I would suggest trying to repair the broken parts first, only doing transplants as last-resort when all else fails. The dual chime Beckers are very uncommon and usually turn up in Britain.

The other movement is a typical VFU/Gustav Becker with Westminster chime and was made before the Junghans amalgamation. The pendulum length in centimeters suggests a wall clock case with a wood stick pendulum.
 
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bruce linde

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replace the teeth... there are tutorials here on the MB... if i can do it, you sure can! (and, it's actually both straightforward and kind of fun)
 

TEACLOCKS

NAWCC Member
Mar 22, 2005
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Movement with wire lift hammers is a Wewi Gong No. 16, introduced 1926 and produced up to 1932. Junghans began amalgamation with VFU/Gustav Becker when these clocks came out so the Junghans influence is apparent on the chime drum design. Your clock was most likely made between 1928-1929 going by the serial, however it was recently discovered that not all stamped serials on these movements were chronologically numbered. Plays Whittington and Westminster chimes. It was a derivative of the original VFU/Gustav Becker Westminster chime movement you have sitting alongside, changes primarily being made to chime drum and pendulum components.

I would suggest trying to repair the broken parts first, only doing transplants as last-resort when all else fails. The dual chime Beckers are very uncommon and usually turn up in Britain.

The other movement is a typical VFU/Gustav Becker with Westminster chime and was made before the Junghans amalgamation. The pendulum length in centimeters suggests a wall clock case with a wood stick pendulum.

Chime
What does VFU Stand for ?
 

chimeclockfan

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That is correct. The formal company name was Vereinigte Freiburger Uhrenfabriken inkl. vormals Gustav Becker - bit lengthy for the brand marketers who just stuck to the Gustav Becker name as it was the most recognized of the 6 companies that had formed together. From the latter half of 1926 onward it was basically under Junghans control as part of the amalgamation, gradually merging into a standardized production line that no longer included the Freiburg factory after December 1932. The later 'Gustav Becker' clocks shared more and more in common with what Junghans cranked out during the same time period.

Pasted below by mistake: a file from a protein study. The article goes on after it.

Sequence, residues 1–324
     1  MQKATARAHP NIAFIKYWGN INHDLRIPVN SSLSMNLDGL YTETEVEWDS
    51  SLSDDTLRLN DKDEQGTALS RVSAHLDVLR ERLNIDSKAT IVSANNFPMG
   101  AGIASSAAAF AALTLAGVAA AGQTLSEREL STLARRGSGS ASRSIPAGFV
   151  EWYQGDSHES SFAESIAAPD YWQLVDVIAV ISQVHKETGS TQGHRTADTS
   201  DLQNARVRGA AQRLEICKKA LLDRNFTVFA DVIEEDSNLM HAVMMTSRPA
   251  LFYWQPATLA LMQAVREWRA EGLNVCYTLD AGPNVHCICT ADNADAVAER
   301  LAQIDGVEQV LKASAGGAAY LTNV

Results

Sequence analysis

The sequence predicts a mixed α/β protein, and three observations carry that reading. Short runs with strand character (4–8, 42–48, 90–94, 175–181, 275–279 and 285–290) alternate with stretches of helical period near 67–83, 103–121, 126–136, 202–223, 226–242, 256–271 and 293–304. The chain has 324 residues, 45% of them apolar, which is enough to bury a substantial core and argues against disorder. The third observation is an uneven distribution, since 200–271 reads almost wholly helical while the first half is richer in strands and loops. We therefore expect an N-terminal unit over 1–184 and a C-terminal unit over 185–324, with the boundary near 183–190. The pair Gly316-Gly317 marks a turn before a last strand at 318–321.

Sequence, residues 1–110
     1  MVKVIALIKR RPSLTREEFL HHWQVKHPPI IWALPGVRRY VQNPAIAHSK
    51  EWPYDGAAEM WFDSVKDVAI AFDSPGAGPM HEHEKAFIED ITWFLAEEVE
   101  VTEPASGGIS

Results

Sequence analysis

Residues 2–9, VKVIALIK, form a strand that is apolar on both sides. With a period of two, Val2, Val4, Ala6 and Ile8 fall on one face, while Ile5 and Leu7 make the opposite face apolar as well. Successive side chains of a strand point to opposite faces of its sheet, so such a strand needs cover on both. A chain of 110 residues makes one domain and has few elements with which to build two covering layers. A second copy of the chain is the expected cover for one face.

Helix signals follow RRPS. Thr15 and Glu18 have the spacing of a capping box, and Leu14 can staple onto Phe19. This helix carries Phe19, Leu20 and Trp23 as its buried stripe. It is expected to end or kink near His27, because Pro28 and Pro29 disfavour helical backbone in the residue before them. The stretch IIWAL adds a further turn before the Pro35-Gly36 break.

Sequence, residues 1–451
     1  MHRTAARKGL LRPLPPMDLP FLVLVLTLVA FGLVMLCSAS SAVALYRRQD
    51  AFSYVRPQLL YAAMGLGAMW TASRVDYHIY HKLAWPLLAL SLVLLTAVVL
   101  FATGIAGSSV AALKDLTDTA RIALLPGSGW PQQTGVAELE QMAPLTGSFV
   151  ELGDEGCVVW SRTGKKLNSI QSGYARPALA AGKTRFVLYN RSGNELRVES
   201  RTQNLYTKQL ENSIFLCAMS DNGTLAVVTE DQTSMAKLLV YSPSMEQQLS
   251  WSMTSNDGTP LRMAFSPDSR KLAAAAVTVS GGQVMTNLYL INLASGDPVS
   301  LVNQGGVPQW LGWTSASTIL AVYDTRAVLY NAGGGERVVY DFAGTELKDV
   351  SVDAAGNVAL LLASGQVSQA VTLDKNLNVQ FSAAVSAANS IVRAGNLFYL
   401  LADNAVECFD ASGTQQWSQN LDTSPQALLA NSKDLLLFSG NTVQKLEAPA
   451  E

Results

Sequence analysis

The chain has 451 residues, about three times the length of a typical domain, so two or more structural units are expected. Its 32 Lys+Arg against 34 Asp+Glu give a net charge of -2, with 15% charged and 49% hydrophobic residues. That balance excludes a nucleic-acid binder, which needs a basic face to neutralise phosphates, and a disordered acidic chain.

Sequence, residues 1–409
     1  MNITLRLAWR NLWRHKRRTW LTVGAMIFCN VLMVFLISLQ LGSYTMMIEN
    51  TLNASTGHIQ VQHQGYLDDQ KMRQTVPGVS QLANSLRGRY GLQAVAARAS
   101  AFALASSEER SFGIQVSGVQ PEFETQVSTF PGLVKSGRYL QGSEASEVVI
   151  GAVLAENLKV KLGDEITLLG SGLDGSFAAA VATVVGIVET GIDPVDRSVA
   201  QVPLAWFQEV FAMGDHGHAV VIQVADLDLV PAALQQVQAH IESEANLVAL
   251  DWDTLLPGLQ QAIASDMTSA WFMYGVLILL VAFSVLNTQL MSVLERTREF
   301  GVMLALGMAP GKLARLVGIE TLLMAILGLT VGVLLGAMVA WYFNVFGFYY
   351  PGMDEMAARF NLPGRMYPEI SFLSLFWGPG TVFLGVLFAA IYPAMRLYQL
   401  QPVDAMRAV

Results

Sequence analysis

The entire Wewi Gong setup can be seen here - for mantel clocks, it always resides in a tambour case:

GB Wewi Gong 16 Gen 2.jpg 9042156F-A089-4E76-A91E-AD368C999FA8.jpg

Junghans put it on a diet in 1929 and the result was this dual chime version of the Junghans W200/100 movement, which sometimes bears the Becker or HAC trademark. Chime drum is the only part shared in common:

DSCN0585.JPG DSCN0595.JPG
 

shutterbug

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I'm assuming you acquired the second movement on it's own (no case)? I think I'd put new teeth in the broken one to keep it original, and then refurbish the second one and sell it, or find a case for it. It's a win/win situation.
 
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TEACLOCKS

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Thank you all for the shove.
I repaired the tooth, the others I was able to bend back straight, not the best repair It is the motion works no power.
And Shutterbug I am always finding moves in a box somewhere.
Thank you all for the info, I didn't realize the one movement was so much older then the other ( serial number )

DSCF8013.JPG DSCF8014.JPG DSCF8015.JPG

Can you find the one I repaired ?
 
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shutterbug

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Looks good! :thumb: